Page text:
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Distributing Zend Framework Modules

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It’s been almost a month now since the release of Zend Framework 1.8, and although I was very excited about some of the new features, it’s taken me awhile to digest that excitement into something bloggable. As a result, I apologize if I’m a bit late to the party…but I’d like to take a moment nonetheless to discuss the implications of my favorite 1.8 feature: Zend_Application_Resource_Modules.

Zend Framework has provided what it calls a “conventional modular directory structure” for quite some time now: specifically, Zend Framework modules are supposed to “[allow] you to separate different MVC applications into self-contained units, and re-use them with different front controllers”. Unfortunately, up until 1.8, I have never found this to be entirely accurate. Based on module architectures I’d seen in full-stack content management systems, I’d always kind of hoped that installing a module would be as easy as this:

  1. Download the source code and copy it into your application’s modules directory.
  2. Hooray, it works now!

Now, this was true enough for modules that only provided a couple controllers and view scripts, but the second you introduced, say, controller plugins or models in the include_path, you’d have to modify your application-level bootstrap file, providing it with detailed knowledge of what the module provides. Because of this, the framework hasn’t really inspired a lot of distributable, reusable third-party modules; after all, the process for installing them would actually have looked something like this:

  1. Download the source code and copy it into your application’s modules directory.
  2. Adjust your application entry point (index.php) to include the module’s models folder in the include_path.
  3. Adjust your application-level bootstrap file to register the new modules directory with the front controller, if you haven’t configured it that way already.
  4. Adjust your application-level bootstrap file to register any plugins or plugin paths it might provide.
  5. Install any database schemas that might have come with the module.
  6. Hooray, it works now!

The problem here is that the parent application (and the person installing it) has to know all sorts of nitty-gritty details about how the module does its business. In my opinion, a truly “self-contained” module would be able to handle a lot of the above process all by itself, without any modifications to the parent application; otherwise, it’s not really self-contained, and not particularly easy to distribute to other developers.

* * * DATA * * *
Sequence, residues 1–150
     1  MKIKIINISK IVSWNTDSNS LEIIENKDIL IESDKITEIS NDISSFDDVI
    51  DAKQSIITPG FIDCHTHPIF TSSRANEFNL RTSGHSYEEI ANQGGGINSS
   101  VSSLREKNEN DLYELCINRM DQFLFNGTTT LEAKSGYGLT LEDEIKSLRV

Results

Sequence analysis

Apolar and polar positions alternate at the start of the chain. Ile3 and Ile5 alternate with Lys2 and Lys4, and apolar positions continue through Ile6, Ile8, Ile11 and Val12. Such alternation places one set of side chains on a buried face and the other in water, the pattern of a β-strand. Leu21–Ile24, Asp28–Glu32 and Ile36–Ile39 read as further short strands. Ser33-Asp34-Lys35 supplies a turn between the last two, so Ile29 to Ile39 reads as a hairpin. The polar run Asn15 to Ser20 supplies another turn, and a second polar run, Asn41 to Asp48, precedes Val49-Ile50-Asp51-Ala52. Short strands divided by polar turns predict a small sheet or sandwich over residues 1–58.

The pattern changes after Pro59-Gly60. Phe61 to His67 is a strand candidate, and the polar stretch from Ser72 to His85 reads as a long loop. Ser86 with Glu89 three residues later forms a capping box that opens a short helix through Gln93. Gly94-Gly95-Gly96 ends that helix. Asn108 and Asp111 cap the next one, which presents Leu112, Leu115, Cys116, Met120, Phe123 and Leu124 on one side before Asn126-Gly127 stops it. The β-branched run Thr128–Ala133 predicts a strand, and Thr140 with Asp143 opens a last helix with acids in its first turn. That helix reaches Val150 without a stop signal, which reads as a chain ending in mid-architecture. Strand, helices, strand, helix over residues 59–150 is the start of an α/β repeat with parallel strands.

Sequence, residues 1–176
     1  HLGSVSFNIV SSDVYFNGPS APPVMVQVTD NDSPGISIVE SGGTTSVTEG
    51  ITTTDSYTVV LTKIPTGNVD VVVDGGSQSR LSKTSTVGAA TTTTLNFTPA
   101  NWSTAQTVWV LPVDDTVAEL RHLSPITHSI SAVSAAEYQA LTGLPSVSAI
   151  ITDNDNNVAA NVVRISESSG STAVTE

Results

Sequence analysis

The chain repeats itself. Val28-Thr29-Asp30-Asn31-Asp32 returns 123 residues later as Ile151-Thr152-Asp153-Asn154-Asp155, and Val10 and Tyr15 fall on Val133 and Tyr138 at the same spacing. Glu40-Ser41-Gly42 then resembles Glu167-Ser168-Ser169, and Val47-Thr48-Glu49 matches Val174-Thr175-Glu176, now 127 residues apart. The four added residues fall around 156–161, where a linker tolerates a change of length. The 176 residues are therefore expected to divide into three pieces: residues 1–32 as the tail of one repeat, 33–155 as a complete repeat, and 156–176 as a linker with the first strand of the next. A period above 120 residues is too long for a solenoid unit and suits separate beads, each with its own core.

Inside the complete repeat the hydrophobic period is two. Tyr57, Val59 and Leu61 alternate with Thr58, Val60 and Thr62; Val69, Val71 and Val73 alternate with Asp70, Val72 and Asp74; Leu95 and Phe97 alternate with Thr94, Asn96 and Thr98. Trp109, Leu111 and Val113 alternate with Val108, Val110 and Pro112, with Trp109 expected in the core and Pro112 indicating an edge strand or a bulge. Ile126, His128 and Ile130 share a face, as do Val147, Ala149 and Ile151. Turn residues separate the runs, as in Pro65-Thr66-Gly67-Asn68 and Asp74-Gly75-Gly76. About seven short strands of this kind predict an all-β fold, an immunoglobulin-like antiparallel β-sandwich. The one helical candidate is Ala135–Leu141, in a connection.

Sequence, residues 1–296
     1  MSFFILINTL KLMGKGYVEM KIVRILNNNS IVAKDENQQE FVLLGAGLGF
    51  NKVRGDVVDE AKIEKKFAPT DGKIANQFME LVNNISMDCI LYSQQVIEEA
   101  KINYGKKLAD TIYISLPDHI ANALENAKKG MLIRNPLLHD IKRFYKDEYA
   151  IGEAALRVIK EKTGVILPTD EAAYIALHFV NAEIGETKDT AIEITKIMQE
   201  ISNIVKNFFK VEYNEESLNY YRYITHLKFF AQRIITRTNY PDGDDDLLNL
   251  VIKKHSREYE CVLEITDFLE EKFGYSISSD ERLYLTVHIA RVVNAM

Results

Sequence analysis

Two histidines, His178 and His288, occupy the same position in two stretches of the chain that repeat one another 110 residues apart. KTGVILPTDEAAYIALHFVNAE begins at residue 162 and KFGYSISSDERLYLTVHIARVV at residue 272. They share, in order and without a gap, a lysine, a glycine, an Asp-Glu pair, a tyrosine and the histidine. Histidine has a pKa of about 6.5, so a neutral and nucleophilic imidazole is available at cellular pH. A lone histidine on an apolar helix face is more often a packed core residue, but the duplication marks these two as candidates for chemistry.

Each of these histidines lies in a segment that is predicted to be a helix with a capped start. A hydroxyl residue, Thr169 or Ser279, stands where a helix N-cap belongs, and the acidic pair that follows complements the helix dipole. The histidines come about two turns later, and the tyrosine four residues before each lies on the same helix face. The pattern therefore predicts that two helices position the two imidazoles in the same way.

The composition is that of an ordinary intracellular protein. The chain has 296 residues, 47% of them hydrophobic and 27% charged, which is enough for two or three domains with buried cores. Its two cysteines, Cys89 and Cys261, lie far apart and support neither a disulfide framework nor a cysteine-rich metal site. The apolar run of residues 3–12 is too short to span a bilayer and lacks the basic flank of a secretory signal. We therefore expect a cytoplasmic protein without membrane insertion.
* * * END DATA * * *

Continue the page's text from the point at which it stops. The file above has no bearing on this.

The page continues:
Enter 1.8

However, as I mentioned earlier, this situation has changed dramatically in Zend Framework 1.8, due to a wonderful little component called Zend_Application_Resource_Modules. Among other things, it provides the following:

  • Modules can now provide their own bootstrapping logic; no more need to register module-provided plugins, paths, etc. in the application-wide bootstrap file.
  • Autoloading of common types of module-provided classes is now automatically set up for you; no more need to add modules to your include_path, or even to require_once your module class files before you use them.

See the benefit? All of the application-level configuration we used to have to do can now be encapsulated in a bootstrap process provided as a part of the module itself. This cuts the above workflow down to something like this:

  1. Download the source code and copy it into your application’s modules directory.
  2. Install any database schemas that might have come with the module.
  3. Hooray, it works now!

Suddenly, the prospect of downloading somebody else’s reusable module is a lot more appealing.

Some further issues

You’ll notice, however, that this still doesn’t quite match my first ideal workflow. Although Zend_Application_Resource_Modules provides a lot of assistance in getting your modules bootstrapped once they’re installed, it cannot yet provide much assistance with the installation process itself. As a result, if you’re trying to install a distributed module that involves database schemas, you’ll still have to install those by hand.

It’s also worth noting that Zend_Application_Resource_Modules does not yet provide a way to track and enforce module dependencies. For the most part this isn’t necessary; by the time everything is bootstrapped, all module-provided code is available through autoloading. However, there are a couple of situations in which it would be necessary: